Purple
  Blue
  Green
  Yellow
  Orange
  Pink
  (Product) Red [Note 1]

USBSeptember 9, 2008 Mac: 10.4.11
Windows: XP

iTunes 8 or later
Audio: 24
Video: 4[24]
240×320
204 PPI
Cirrus Logic CS42L58[34]32 MB 91 mm
38 mm
6.1 mm
36.8 g
(1.3 oz)
16 GB
Curved enclosure and new colors; revised interface; voice recording features; "shake to shuffle"; accelerometer; limited 4 GB models[16]
5th Purple iPod Nano 5G with camera, front and back views8 GB

  Black
  Silver
  Purple
  Pink
  Yellow
  Blue
  Green
  Orange
  (Product) Red [Note 1]

USBSeptember 13, 2009 Mac: 10.4.11
Windows: XP

iTunes 9 or later
Audio: 24
Video: 5[24]
240×376
204 PPI
0.3 megapixel camera
Cirrus Logic CLI1480A[34]64 MB 91 mm
38 mm
6.1 mm
36.3 g
(1.28 oz)
16 GB
Polished aluminium case including a larger screen, video camera, built-in microphone, FMradio tuner, Recorder and a pedometer. Retains entire color line from fourth generation.
6th 6th generation silver iPod Nano8 GB

  Silver
  Graphite
  Blue
  Green
  Orange
  Pink
  (Product) Red [Note 1]

USBSeptember 1, 2010 Mac: 10.5.8
Windows: XP

iTunes 10 or later
Audio: 24[24]240×240
220 PPI
Cirrus Logic CLI1544C0[34]64 MB[35]37.5 mm
41 mm
8.78 mm
21.1 g
(0.74 oz)
16 GB
Multi-touch screen. No click-wheel, camera, or video playback. The 1.1 OS update brought the ability of turning off by holding the wake/sleep button. Same price range as the 5th generation, except in Europe, Japan and Australia. Features iOS-like interface design and still contains "shake to shuffle", FM radio, and pedometer. The 1.2 OS update added built-in accelerometer support which works with Nike+iPod without the need to attach a Nike+ receiver or shoe sensor.[36]
7th 7th generation silver iPod Nano.16 GB   Slate(2012–2013)USBOctober 12, 2012 Mac: 10.6.8
Windows: XP

iTunes 10.7 or later
Audio: 30
Video: 3.5[24]
240×432
202 PPI
Cirrus Logic CLI1599A1[37]64 MB 76.5 mm
39.6 mm
5.4 mm
31 g
(1.1 oz)
  Space gray (2013–)

2012–2015
  Silver
  Pink
  Yellow
  Green
  Blue
  Purple
 (Product) Red[Note 1]

2015 models

  Space gray
  Silver
  Gold
  Pink
  Blue
 (Product) Red[Note 1]

July 15, 2015 Mac: 10.7.5
Windows: 7

iTunes 12.2 or later
New, larger 2.5 inch Multi-Touch screen, and "Home button" similar to iPhone but does not run iOS. Unibody now made of anodized aluminium. Also, with larger screen, supports video playback. The 30-pin dock connector has been replaced by the new Lightning connector. Bluetooth 4.0 wireless connectivity. New "Space Gray" color option replaces "Slate" as of September 10, 2013. New colors were introduced on July 15, 2015.[38] Discontinued on July 27, 2017.
  1. ^ abcdefghIs a Special Edition color exclusively available on Apple's website.

Supported audio formats[edit]

Lossy:

Lossless/original PCM:

Other container:

Reception[edit]

The size of the package was reduced 50 percent with the introduction of the 2nd generation.[39]The 4th and 5th generation packaging mimics this packaging, while the 3rd generation used a larger but otherwise similar version of it.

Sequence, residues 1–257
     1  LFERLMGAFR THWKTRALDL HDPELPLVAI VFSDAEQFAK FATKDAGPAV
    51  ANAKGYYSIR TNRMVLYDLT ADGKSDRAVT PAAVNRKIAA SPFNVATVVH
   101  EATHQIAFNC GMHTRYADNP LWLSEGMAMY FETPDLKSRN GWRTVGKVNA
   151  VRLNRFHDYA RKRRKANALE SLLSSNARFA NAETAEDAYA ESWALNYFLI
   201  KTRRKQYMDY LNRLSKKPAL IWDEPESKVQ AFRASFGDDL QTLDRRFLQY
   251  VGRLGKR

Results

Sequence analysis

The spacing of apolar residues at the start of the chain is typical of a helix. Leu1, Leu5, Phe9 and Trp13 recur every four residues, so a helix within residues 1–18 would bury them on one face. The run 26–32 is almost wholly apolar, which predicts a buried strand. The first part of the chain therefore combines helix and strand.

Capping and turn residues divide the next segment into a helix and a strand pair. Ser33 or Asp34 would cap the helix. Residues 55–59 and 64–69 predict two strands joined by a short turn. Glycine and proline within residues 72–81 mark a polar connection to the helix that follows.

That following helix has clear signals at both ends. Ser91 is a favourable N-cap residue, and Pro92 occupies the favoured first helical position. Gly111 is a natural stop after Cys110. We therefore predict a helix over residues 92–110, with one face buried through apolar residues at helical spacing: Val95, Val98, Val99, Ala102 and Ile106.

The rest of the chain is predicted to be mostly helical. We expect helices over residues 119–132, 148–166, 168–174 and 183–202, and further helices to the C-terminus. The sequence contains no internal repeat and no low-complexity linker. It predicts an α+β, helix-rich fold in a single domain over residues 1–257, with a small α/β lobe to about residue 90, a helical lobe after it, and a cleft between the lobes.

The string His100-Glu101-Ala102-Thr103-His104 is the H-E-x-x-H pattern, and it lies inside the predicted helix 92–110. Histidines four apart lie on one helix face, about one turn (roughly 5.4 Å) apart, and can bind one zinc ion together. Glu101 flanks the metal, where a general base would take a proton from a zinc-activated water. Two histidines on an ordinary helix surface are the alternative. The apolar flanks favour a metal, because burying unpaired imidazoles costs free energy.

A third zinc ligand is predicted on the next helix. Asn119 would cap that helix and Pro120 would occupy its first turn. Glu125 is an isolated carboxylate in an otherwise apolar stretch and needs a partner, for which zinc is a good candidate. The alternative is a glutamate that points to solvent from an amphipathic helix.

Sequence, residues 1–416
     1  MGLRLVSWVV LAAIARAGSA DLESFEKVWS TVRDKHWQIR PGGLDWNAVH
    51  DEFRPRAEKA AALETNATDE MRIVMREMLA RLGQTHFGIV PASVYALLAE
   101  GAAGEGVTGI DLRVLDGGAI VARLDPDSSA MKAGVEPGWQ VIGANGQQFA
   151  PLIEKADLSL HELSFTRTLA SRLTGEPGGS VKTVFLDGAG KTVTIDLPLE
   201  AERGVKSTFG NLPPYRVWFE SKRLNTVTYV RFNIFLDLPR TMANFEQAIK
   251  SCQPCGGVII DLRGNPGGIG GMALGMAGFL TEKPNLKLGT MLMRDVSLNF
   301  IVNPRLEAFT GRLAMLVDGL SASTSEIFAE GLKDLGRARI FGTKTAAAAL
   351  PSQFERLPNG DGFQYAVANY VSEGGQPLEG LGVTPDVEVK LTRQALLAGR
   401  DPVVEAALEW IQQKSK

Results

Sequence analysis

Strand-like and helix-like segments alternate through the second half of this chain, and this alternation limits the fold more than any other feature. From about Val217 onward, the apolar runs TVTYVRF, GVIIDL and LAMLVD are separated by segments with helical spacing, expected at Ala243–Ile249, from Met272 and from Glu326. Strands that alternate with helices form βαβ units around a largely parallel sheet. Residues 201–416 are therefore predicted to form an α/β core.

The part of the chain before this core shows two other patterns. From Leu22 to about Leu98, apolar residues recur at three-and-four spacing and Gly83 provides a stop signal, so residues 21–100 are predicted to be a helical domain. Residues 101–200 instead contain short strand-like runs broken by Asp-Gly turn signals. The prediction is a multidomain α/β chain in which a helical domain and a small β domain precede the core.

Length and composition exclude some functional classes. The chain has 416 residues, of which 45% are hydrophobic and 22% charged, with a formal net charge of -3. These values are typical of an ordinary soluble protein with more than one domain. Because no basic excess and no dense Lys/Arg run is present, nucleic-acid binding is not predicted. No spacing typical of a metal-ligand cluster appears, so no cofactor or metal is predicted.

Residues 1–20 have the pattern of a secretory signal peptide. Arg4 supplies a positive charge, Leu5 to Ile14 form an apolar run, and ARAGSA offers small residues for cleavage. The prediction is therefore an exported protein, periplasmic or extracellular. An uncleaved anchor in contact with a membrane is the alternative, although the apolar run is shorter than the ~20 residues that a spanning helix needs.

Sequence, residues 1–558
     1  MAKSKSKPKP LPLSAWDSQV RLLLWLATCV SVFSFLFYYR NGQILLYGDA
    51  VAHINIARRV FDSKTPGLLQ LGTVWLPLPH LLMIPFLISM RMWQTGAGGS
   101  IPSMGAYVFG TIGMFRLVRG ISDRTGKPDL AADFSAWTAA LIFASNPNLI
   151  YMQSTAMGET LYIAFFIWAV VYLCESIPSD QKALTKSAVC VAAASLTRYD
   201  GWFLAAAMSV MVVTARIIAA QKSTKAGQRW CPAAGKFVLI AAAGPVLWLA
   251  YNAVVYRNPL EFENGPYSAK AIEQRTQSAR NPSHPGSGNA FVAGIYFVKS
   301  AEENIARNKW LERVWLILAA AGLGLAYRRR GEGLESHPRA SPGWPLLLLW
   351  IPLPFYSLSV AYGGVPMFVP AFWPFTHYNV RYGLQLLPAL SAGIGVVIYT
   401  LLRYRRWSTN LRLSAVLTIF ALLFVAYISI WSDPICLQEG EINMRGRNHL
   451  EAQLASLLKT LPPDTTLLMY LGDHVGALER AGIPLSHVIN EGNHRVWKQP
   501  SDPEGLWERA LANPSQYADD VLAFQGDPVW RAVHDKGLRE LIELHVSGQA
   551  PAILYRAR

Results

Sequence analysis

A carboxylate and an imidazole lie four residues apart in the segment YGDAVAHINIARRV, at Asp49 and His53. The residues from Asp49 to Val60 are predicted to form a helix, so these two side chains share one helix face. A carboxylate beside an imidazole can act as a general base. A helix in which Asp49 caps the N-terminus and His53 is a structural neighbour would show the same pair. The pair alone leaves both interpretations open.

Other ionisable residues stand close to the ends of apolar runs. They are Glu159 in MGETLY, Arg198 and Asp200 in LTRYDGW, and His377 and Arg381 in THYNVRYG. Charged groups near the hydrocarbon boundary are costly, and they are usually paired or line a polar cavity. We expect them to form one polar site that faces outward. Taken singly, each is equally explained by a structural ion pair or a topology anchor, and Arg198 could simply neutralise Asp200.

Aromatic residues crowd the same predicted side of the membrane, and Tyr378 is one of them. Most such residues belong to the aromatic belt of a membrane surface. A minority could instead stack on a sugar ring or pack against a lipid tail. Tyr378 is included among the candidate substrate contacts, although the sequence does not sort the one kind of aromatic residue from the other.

The initial consumer response to the iPod Nano was overwhelmingly positive and sales were heavy.[40] The Nano sold its first million units in 17 days, helping Apple Inc. to a record billion-dollar profit in 2005.[41]

Apple's release of the iPod Nano as a replacement for the iPod Mini was viewed by many as a risky move.[42]Steve Jobs argued that the iPod Nano was a necessary risk since competitors were beginning to catch up to the iPod Mini in terms of design and features, and believed the iPod Nano would prove to be even more popular and successful than the iPod Mini.

Within days of the Nano's release, some users reported damage to the Nano, suggesting that the LCD screen had become so scratched that it was unreadable, even when the backlight was on. Many reported fine scratches on Nanos, caused by microfiber cloths. Other owners reported that their Nano's screen cracked without use of excessive force.[43] On September 27, 2005, Apple confirmed that a small percentage ("less than 1/10 of 1 percent") of iPod Nanos shipped with a faulty screen and agreed to replace any that had cracked screens, but denied the iPod Nano was more susceptible to scratching than prior iPods.[44] Apple started shipping iPod Nanos with a protective sleeve to protect them from scratches. In October 2005 a class action lawsuit was filed against Apple, with the plaintiffs seeking reimbursement for the device, legal fees, and "unlawful or illegal profits" from sales of the iPod Nano. Lawyers for the plaintiffs claimed that the devices "scratch excessively during normal usage, rendering the screen on the Nanos unreadable, and violating state consumer protection statutes".[45] Similar lawsuits were later filed in Mexico and the United Kingdom.[46] In early 2009, Apple was in the process of settling a court case over the scratched iPod Nano screens. It was suggested that Apple should set aside $22 million to refund users. At the time, it required a Judge's sign-off on the terms by April 28, 2009.[47] Some commentators such as BusinessWeek's Arik Hesseldahl have criticized the lawsuits. Hesseldahl dismissed them as "stupid" and suggested that they benefitted "no one but the trial lawyers," but also suggested that Apple could have avoided litigation by offering "full refunds on unwanted Nanos" instead of charging a re-stocking fee and lengthening the return period from 14 days (when purchased through Apple retail or online) to 30 or 60 days.[48]